Oct 26, 2009
I've made this beef brisket twice now in just a matter of weeks. Though you wouldn't know it, after the beautiful weather we've had here the past couple days, fall is coming and my inner clock is telling me to cook hearty, fragrant food that fills the belly. The first time I made this brisket I paired it with these soft-pretzels and apples with caramel sauce for an Oktoberfest feast. And more recently it was an easy dish that I made the night before a busy day of hanging out with family, knowing it would be a hit.
The original recipe recommended making this the day before and letting the flavors meld and come together for a night or two before serving. And it works! The earlier the better. Which brings me to the only slightly difficult part of the recipe - planning ahead, and by more than just a couple hours, which is my usual M.O.
But let me tell you it is well worth the effort and planning needed to cook the brisket on day one, and heat and serve it on day two. This allows the flavors to meld nicely, plus, when spread out over two days the house smells heavenly for just a bit longer.
Brisket Braised in Porter
adapted from Bon Appetit
(this takes approximately 4 hours and 30 minutes to make, but most of that time is hands off, plus time to re-heat on before serving)
1 tablespoon coarse kosker salt
2 teaspoons freshly ground black pepper
2 teaspoons dry mustard seeds, ground)
2 teaspoons chopped fresh sage
2 teaspoons chopped fresh thyme
1 3-pound brisket, trimmed but with some fat still attached
2 tablespoons rendered bacon fat
4 cups low sodium chicken broth, divided
1 12-ounce bottle of porter or stout beer
6 whole pitted prunes
4 bay leaves
2 teaspoons packed brown sugar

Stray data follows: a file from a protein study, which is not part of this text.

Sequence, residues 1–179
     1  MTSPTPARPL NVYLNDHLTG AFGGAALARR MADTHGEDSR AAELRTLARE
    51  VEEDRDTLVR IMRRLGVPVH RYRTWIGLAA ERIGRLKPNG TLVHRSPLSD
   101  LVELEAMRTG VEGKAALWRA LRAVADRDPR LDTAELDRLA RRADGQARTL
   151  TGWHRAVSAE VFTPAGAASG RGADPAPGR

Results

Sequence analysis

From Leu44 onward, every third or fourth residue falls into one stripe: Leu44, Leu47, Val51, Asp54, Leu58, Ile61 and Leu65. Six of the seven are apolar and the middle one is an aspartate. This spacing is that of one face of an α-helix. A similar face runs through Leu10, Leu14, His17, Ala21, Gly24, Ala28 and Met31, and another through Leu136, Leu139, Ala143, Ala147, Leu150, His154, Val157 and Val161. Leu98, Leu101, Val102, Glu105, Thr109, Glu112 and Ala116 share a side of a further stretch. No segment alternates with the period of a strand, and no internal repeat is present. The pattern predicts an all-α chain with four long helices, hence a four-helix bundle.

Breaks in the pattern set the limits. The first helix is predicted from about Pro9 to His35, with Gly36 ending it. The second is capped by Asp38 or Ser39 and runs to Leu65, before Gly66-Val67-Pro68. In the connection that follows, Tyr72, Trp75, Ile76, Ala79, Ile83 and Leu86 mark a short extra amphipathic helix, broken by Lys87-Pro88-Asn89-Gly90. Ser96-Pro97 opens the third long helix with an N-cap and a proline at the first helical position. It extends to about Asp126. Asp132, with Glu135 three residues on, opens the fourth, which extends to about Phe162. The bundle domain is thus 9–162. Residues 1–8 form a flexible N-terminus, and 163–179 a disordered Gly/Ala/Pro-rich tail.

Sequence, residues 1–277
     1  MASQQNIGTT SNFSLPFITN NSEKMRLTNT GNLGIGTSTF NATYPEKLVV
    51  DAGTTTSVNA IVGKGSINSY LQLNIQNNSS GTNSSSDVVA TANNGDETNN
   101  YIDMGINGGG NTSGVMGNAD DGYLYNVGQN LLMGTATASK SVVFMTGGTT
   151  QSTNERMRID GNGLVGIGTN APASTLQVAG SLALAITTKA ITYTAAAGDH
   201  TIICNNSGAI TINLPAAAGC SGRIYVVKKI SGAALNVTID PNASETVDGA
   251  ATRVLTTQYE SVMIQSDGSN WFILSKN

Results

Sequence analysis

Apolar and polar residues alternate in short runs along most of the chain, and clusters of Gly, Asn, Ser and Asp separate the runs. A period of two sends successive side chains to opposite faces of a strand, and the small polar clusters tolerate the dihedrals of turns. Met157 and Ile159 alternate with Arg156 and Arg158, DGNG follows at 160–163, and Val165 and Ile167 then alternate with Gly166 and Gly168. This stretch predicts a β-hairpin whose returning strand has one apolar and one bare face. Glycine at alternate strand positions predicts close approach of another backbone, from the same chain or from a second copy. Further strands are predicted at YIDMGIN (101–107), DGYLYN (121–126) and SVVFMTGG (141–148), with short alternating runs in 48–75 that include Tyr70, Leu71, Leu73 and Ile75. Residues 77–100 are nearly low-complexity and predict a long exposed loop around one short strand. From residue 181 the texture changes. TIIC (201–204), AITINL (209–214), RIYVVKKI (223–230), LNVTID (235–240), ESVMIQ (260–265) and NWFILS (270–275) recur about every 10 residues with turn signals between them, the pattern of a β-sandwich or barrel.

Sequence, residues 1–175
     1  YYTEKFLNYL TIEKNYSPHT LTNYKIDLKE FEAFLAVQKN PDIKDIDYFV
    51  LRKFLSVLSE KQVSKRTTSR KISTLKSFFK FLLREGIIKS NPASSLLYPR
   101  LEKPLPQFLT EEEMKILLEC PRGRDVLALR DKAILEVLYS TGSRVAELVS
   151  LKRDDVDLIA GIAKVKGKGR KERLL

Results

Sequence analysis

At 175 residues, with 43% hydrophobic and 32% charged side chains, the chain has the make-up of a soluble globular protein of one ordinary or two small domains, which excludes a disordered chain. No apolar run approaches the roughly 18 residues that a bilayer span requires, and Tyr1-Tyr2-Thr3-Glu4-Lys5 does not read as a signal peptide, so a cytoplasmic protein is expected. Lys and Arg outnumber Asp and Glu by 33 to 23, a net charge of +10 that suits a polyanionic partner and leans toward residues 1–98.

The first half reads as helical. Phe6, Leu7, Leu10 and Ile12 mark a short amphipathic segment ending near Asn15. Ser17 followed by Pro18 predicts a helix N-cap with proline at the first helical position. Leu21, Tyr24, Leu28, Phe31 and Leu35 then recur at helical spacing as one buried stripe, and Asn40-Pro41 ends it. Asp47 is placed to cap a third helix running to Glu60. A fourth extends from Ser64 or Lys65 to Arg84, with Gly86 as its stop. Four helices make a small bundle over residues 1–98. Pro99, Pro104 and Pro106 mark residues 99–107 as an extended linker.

3 cups thinly sliced onions
4 whole garlic cloves, peeled
1 pound medium carrots, peeled and chopped into 2 inch pieces
Position rack in center of oven and preheat to 350 degrees. Mix first 5 ingredients in a small bowl. Rub herb mixture all over brisket. Heat bacon fat in a heavy extra-large wide ovenproof pot over medium-high heat. Add brisket to pot and cook until deep brown, 5-7 minutes per side. Transfer brisket to platter.
Add 2 cups of broth to pot and bring to boil, scraping up browned bits from bottom of pot. Stir in prunes, porter, bay leaves, and brown sugar; bring to boil. Return brisket to pot, fat side down; scatter onion slices over to cover meat, then add garlic.
Cover pot; place in oven and braise brisket 1 hour. Remove pot from oven; uncover and turn brisket over so that the onion slices fall into the liquid in the pot. Return pot to oven and braise uncovered for 30 minutes. Add 1 cup broth. Cover and bake for 1 hour 30 minutes. Add carrots and continue to braise until the meat and carrots are very tender, adding more broth by the cupful as needed, about 45 minutes to 1 hour longer. Cool slightly then refrigerate uncovered until cold. Cover and keep chilled at least 1 day and up to 2 days before serving.